Modern physics is the scientific production that occurred or was based on the discoveries of physicists from the end of the 19th century onward. Even though a lot of time has passed, many of the scientific questions raised during this period remain unanswered. Because of this, the “modern” classification is maintained.
This area of knowledge has as its object of study the behavior of bodies that move at speeds close to or, theoretically, equal to that of light. It also studies bodies with dimensions equal to or smaller than those of atoms and bodies separated by astronomical distances (light years).
Some pioneers founded the greatest discoveries or questions that constitute modern physics, such as Einstein, with the theory of restricted relativity and the photoelectric effect; Marie Curie, with radioactivity; Max Planck, with quantified energy; and Niels Bohr, with the study of the hydrogen atom. Even with so many innovations, Classical or Newtonian physics is still valid, but limited to certain speeds, dimensions, and distances of the bodies under study.
Summary of Modern Physics
- Modern Physics is the union of scientific advances that have occurred since the end of the 19th century.
- Modern physics studies the theories of restricted relativity, quantum mechanics, and nuclear Physics.
- Among the milestones of modern physics, we can highlight the behavior of particles with speeds close to or equal to that of light.
- A second milestone in modern physics was the discovery of the hydrogen atom and quantified energy.
- Classical physics is still valid for bodies with speeds much lower than that of light, dimensions much higher than those of atoms, or bodies separated by distances less than astronomical.
What is modern Physics?
Modern Physics is an overview of the innovations and inquiries that occurred after the end of the 19th century and the 20th century onwards. The classification is maintained due to the fact that many of the questions have not yet been answered, and those that have been answered have led to even more questions.
What does modern physics study?
Modern Physics encompasses the study of:
- Special relativity theory: studies the behavior of bodies that move at speeds close to or equal to that of light and the spatial and temporal phenomena associated with this.
- Quantum mechanics: studies the behavior of bodies equal to or smaller than the dimensions of atoms.
- Atomic physics: its object of study is the electronic arrangement of atoms and molecules, the electromagnetic radiation they can emit, and the way in which they or the radiation interact with matter.
From these branches of study, several branches emerged, such as the study of bodies that are several light years from Earth. The study of them is possible due to advances in the behavior of light and bodies that travel at speeds close to it. Another application is the operation of microchips using quantum tunneling based on the Heisenberg uncertainty principle.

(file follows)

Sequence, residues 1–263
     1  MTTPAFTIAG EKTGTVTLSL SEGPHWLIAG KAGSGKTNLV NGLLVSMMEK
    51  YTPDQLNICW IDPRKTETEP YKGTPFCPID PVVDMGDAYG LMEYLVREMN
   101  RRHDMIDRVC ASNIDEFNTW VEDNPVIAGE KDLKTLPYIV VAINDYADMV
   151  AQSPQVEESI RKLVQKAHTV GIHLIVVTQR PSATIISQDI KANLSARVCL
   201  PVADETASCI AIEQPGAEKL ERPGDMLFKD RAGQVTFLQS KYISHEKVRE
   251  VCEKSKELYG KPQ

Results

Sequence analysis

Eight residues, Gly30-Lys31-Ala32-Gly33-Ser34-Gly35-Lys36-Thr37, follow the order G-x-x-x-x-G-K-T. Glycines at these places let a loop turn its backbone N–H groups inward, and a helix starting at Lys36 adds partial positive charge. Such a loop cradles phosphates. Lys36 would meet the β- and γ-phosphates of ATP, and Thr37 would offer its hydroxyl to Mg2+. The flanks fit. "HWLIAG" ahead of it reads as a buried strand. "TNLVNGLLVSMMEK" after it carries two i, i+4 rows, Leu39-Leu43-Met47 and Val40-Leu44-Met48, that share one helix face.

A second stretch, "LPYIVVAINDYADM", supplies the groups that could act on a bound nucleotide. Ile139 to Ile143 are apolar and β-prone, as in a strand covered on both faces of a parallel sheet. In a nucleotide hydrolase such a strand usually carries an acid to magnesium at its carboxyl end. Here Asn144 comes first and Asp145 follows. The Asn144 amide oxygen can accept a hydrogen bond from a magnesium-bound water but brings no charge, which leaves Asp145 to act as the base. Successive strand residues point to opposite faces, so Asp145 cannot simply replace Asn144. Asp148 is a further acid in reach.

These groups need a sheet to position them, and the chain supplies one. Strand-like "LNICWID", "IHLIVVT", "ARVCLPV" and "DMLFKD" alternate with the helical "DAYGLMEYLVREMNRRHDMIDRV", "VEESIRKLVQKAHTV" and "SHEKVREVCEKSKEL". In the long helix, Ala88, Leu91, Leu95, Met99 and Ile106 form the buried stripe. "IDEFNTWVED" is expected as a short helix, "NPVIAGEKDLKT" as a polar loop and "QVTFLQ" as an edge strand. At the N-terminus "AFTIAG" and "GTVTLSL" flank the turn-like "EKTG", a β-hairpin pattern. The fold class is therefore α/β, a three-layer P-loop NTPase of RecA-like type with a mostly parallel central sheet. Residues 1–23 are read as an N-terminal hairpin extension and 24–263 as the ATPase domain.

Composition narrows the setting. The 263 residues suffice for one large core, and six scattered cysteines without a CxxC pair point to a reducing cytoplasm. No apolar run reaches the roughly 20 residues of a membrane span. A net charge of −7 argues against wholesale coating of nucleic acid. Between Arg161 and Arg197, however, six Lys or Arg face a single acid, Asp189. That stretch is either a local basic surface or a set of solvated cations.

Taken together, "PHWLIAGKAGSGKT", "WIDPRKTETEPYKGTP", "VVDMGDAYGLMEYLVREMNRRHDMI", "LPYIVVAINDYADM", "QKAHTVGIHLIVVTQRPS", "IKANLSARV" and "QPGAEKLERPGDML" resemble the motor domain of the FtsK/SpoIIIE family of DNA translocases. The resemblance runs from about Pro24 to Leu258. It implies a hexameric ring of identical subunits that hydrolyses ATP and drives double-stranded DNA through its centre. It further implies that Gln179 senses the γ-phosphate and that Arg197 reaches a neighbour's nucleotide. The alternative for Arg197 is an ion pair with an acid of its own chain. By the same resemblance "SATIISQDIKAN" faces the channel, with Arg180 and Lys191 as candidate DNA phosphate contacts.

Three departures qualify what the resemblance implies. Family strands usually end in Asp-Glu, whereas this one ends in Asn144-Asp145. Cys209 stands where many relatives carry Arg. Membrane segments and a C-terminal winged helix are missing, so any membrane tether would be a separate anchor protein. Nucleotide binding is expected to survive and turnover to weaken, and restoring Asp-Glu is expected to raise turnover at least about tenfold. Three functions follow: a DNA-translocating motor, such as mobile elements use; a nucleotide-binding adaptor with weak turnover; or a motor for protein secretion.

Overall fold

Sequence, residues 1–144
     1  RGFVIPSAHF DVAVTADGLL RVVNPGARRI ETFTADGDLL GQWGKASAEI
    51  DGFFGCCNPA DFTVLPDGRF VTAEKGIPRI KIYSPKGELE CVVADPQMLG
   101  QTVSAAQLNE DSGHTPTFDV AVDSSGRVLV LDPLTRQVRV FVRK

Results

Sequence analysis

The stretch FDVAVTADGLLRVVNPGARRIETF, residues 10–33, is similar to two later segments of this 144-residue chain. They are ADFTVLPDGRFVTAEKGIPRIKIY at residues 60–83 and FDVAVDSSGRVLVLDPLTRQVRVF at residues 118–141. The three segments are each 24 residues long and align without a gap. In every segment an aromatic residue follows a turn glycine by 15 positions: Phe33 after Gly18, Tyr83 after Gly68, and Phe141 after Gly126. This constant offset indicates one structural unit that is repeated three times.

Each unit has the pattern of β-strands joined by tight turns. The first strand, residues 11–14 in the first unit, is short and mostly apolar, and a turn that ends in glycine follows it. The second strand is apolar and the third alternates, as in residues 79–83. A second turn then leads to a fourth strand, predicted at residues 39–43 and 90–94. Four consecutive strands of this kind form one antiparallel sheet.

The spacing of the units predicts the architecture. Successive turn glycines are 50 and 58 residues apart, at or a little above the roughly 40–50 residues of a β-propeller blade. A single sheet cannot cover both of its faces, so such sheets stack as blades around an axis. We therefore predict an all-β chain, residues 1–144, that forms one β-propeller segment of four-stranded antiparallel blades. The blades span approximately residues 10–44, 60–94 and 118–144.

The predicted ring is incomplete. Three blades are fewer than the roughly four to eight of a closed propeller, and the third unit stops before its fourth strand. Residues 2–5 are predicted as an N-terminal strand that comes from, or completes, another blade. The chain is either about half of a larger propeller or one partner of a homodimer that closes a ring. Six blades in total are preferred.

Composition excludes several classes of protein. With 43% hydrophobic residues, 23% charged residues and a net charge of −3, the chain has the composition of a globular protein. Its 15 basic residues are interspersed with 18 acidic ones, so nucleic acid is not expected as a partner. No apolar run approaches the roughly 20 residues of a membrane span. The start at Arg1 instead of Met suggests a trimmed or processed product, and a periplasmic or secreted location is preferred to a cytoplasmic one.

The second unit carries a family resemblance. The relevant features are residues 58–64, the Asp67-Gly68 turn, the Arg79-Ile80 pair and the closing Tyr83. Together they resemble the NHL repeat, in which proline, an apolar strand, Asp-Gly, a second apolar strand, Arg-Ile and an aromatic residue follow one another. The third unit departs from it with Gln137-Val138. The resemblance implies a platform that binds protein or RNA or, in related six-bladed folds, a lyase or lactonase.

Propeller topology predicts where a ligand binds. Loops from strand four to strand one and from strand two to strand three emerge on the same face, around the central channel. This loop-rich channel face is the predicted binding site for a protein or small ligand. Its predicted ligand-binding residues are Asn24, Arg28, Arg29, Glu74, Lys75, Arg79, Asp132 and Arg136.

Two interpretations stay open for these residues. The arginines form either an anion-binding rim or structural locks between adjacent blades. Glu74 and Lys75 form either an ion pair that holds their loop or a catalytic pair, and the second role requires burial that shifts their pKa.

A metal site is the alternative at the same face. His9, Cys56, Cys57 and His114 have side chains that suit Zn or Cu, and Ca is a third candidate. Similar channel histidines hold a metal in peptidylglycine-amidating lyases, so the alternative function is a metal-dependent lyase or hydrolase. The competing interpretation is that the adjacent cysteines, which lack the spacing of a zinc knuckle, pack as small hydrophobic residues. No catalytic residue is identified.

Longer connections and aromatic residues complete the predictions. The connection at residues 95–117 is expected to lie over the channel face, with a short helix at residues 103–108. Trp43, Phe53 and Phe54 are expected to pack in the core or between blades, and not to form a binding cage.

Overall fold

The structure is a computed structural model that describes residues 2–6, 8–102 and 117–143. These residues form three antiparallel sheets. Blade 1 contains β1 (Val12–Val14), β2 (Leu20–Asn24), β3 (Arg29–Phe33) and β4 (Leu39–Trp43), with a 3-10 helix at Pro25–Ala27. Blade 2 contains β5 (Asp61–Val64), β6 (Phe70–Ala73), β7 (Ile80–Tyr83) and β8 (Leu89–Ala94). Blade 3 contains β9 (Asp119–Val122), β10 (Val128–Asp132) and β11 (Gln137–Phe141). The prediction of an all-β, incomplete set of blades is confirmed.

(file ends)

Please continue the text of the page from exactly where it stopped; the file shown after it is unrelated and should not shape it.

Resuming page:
History and Milestones of Modern Physics
Modern Physics presented several relevant milestones that launched a new era for Physics, explaining or correcting gaps left by classical Physics. Next, the four main ones will be listed.
→ Max Planck — Quantization of energy
Max Planck (1858-1947) was a theoretical physicist who dedicated himself mainly to the study of thermodynamics . According to Planck, the closer to white, the higher the temperature radiated by the body. An example is the incandescent lamp filament, which reaches temperatures exceeding 2000 °C.
Planck’s calculations led him to the conclusion that bodies that have high temperatures did not emit this energy in the form of a wave as was thought, but in the form of small packets of energy, called “quantum” by him, being the smallest possible amount of energy. energy proportional to the frequency of radiation that is captured, absorbed, or emitted by the body.
During the period in which this theory was presented, it was not well received, since the explanation given by the wave seemed to be more favorable to the opinion of the scientific community, but with the contribution of the photoelectric effect presented by Einstein, the theory ended up being more accepted.
→ Albert Einstein — Special theory of relativity
Albert Einstein (1879-1955) was one of the greatest physicists in history. The special theory of relativity he proposed is based on two principles :
- The first principle implies that the laws of Physics are valid for all inertial frames of reference.
- The second principle says that the speed of light in a vacuum is the same for every observer, regardless of their speed.
Thus, it was concluded that for objects that move at a speed close to that of light, time dilates, that is, it is as if it passes more slowly in this condition. In the case of distance or length, it contracts. It is as if the length were shorter than the speed of light or a value close to it.
The mass of a body at a speed close to that of light tends to expand — it is as if it were larger. Thus, relativistic energy is equivalent to the product of the speed of light (c), which is approximately 3·10 8 m/s², and the difference between the mass of the body at rest (m 0 ) and its mass at maximum speed (m).
Interesting: Another relevant contribution made by Einstein, who collaborated with Planck’s theory, was the explanation of the photoelectric effect discovered by Heinrich Hertz. According to him, when light with a certain frequency is projected onto a metallic surface, the photons (quantum, according to Planck) that make up the light transmit energy to the electrons that are linked to the metal atoms, causing them to be ejected from the metal. core. This principle is widely used in solar panels.